U.S. Secretary of Education spoke with Andrea Mitchell Friday about new teacher-education regulations that the U.S. Department of Education is preparing for a set of federal financial supports for teacher preparation programs. Most of the verbiage that you will read and hear will focus on tracking the impact of program graduates on K-12 student learning, a focus on outcomes. As Rutgers professor Bruce Baker noted on Friday, there was also an odd rhetorical tic in the middle of Duncan’s interview with Mitchell. Duncan said something that he, Arthur Levine, and others have claimed repeatedly in the past:
Mitchell: You want to see them in classrooms more, actually in classes doing work as part of their training?
Duncan: You can, absolutely. That’s the crux, that’s it, Andrea. So many schools of education [require] lots of history of education, philosophy of education, psychology of education, not enough teaching 28 or 30 diverse children in a classroom. Again, that practical, clinical experience is so important. [emphasis added; this portion starts around 2 minutes into the clip]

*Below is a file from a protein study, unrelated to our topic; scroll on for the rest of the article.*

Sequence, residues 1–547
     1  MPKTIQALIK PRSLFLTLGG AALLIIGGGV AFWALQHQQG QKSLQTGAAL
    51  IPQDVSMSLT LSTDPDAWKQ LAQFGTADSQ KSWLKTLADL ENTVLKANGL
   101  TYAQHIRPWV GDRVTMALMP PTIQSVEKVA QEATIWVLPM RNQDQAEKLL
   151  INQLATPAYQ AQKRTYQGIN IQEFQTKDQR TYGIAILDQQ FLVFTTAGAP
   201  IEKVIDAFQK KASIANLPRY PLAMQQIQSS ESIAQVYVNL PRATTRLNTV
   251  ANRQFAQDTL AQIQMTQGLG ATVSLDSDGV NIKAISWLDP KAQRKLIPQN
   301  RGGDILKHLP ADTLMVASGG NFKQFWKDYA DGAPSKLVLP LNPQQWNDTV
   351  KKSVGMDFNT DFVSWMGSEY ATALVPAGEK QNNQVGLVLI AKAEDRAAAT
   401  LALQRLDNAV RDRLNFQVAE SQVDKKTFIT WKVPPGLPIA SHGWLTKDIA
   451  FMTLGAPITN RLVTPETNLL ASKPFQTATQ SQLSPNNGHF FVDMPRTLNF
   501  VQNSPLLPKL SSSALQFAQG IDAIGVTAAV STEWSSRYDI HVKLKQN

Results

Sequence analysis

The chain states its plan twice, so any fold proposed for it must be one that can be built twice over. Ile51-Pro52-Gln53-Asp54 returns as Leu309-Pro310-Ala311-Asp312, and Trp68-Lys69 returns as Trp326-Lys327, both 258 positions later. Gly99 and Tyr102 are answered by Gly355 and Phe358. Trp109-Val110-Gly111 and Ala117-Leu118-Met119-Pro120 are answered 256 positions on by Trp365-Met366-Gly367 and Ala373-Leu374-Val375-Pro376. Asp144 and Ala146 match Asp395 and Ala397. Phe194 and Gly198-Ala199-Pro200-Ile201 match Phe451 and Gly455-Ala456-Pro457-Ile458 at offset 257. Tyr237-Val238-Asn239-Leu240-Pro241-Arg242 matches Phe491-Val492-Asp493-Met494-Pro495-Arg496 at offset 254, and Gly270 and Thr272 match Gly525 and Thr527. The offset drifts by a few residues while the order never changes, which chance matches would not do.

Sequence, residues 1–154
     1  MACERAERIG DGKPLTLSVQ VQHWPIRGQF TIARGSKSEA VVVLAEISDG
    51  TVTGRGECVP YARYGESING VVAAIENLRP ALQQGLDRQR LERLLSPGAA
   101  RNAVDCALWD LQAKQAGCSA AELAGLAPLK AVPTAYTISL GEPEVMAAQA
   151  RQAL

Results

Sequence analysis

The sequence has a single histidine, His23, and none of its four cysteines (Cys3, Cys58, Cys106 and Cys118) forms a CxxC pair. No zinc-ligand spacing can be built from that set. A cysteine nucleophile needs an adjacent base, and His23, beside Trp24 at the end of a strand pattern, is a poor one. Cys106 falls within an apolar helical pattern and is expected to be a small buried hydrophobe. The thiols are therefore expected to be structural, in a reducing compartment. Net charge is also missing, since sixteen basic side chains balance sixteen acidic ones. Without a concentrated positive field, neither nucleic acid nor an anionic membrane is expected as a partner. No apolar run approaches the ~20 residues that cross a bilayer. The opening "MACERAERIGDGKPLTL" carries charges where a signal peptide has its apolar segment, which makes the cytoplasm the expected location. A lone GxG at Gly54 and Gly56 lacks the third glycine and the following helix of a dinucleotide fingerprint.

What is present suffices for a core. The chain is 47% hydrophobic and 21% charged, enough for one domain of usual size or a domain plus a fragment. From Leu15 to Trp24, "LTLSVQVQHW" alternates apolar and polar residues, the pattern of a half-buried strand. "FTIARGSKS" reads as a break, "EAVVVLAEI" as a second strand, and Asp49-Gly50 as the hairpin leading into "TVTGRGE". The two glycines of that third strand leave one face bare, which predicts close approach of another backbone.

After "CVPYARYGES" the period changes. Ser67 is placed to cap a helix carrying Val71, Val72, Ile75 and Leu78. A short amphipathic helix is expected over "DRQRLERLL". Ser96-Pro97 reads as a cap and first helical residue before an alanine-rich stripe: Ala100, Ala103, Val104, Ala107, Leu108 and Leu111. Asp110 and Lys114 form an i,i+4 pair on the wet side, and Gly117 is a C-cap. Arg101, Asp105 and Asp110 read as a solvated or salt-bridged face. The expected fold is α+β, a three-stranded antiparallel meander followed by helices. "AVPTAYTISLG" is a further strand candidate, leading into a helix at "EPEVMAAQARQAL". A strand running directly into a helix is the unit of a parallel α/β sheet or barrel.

Apparently, Arne Duncan and I live in different universes. In Arne Duncan’s universe, teacher education is dominated by courses in theory and social/cultural foundations of education. In my universe, any specific undergraduate requirements for philosophy or history of education courses disappeared roughly a generation ago, there has not been a single tenure-track job posting this year specifically for an historian of education in any college of education in the country, and very few jobs exist for anyone in social or cultural foundations of education. Arne Duncan’s universe may not be the best world for pre-service teacher education, but apparently it’s great for historians and philosophers of education. My reality is different, and it’s based on a simple question: If historians and philosophers really controlled teacher education, where are the jobs for us? Arne Duncan’s remark is not based in the world where I work. It’s a rhetorical tic, and it is an example of the barriers to talking sensibly about teacher education. Continue reading “Theory tic complaints about teacher ed”